Director Diego Luna discusses his film “Cesar Chavez”

Courtesy of Alicia Hamar.

Courtesy of Alicia Hamar.

In the upcoming film “Cesar Chavez,” director Diego Luna chronicles the birth of a large-scale grassroots American labor movement. The eponymous Chavez devoted his life to improving working conditions for farm growers, an effort that brought international attention to the basic human rights denied to workers picking grapes in Delano, California. The Daily sat down with Luna for an exclusive discussion of the film and its future implications.

 

The Stanford Daily (TSD): What inspired you to direct this film?

Diego Luna (DL): The life of Cesar Chavez is a story that must be told. He was a man who dedicated his life to accomplishing change in a community that really needed it. He helped a community that was being poorly treated by instilling confidence and providing them with dignity. I think it’s a story that can inspire people to bring change to their own communities. This is something indispensable because there are still many injustices that are faced in this country, this community, and in the countryside.

 

TSD: How can this film help with the current situation regarding immigration and the DREAM Act?

DL: I think this film can contribute by adding to the current pressure for immigration reform. When the public leaves the theater, people can ask themselves about how the food gets to their table: What’s behind that carrot or that potato that they are eating, or that orange they make their juice with in the morning? What’s behind the process for the food to get to them? When people start asking these questions, inevitably it’s going to cause them to reflect. [This film is] important so that a question about immigration reform can be brought up.

 

TSD: Do you plan on making more movies that show the Hispanic struggle in Latin America or the U.S. after this one?

DL: I don’t know what’s next. I definitely promise to always make films about issues that matter to me. I wouldn’t be able to spend four years of my life talking about something that I don’t care about. I try to always bring topics to the table that matter, topics that I think need to be discussed and reflected on. What’s the next topic? I don’t know, but I promise you that I’ll have the same strong connection with it as I had with this one.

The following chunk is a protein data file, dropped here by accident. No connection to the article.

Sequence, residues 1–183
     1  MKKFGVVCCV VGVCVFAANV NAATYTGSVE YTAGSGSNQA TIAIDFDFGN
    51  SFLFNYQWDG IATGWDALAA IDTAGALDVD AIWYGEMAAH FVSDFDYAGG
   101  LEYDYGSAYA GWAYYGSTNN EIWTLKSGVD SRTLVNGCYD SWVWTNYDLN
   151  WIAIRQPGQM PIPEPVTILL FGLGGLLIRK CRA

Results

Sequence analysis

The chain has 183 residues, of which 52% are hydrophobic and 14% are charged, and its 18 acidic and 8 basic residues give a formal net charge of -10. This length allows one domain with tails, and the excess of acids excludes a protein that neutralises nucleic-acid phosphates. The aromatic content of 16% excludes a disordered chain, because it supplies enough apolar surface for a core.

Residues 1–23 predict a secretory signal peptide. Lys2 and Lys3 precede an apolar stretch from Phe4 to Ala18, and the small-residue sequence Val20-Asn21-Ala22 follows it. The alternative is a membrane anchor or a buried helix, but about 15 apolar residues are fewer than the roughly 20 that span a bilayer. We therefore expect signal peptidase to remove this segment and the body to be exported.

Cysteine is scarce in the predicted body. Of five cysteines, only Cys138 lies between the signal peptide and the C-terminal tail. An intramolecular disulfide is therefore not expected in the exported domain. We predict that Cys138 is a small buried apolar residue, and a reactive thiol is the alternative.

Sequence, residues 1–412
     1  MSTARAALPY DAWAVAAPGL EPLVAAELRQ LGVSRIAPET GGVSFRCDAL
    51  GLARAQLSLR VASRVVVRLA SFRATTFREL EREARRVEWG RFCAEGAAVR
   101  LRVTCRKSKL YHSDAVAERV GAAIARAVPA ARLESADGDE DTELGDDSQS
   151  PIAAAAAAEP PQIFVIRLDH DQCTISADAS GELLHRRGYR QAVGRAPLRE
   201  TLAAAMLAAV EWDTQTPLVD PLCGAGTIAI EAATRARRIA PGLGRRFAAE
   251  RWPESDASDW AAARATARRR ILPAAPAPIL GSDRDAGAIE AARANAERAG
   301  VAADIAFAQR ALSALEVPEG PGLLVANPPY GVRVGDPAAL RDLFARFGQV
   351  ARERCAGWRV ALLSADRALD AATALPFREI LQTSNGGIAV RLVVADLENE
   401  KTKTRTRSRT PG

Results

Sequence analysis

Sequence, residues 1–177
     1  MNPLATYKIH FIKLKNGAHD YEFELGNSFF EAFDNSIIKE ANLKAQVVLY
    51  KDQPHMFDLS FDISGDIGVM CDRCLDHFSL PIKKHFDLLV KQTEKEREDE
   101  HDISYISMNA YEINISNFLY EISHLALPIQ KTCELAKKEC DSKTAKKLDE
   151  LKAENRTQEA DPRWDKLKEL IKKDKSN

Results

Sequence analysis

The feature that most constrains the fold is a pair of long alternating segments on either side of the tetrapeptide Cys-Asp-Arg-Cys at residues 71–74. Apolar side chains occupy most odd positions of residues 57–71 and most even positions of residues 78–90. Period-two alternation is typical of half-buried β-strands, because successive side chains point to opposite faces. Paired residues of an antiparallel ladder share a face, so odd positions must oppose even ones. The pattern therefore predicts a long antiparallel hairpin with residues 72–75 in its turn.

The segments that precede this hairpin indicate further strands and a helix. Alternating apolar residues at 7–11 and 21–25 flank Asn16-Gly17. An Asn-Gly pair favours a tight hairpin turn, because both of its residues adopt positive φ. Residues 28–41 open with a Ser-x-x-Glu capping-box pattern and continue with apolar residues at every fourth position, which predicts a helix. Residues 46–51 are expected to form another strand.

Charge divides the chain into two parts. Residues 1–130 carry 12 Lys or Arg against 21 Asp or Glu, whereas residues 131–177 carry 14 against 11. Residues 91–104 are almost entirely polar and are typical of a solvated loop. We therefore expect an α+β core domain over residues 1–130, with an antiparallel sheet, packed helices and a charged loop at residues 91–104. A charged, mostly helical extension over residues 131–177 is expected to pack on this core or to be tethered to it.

TSD: How has being an actor helped you direct a film like this?

DL: Being an actor has helped me in many ways to get where I am. I used everything, all of my experiences, to be the director I am. I work really closely with the actors, and I think a lot about their process. I do see things from an actor’s perspective.  I enjoy working with actors so much and having the chance to be surprised by them.

 

TSD: How does the Hollywood environment need to change so that we can see more Latino representation in film?

DL: You know what needs to happen? On the 28th of March, everyone should go and buy a ticket to watch this film. They should go with their family and they should make sure to send the message that our community needs to be represented in film. That’s exactly the lesson that Cesar Chavez left. We cannot be expecting change to come from others; we have to generate change.

So when you buy a ticket to watch a film, you’re allowing those kinds of films to exist. You’re supporting that voice behind the film. Make sure, when there’s a chance to send a message, you become part of it. This is a film that celebrates our community, that talks about where we come from. If people go watch it, every company is going to be saying, ‘How do I reach that audience? How do I get to talk to them?’ But if no one goes to watch it, then we cannot blame the industry for not doing films about us.

 

TSD: Do you find that you relate to Chavez in anyway, now that you’ve done this film?

DL: I relate to Chavez because I had the great gift and opportunity to work in something that has a lot to do with who I am. I ask myself if I am where I want to be and if not, to try to change it. I also have that opportunity, that feeling that what I do matters. It’s a lovely feeling. I don’t think I’ve done enough. When I see this film I go “Damn, I’ve done nothing!”

 

Contact Alicia Hamar at ahamar22 “at” stanford.edu.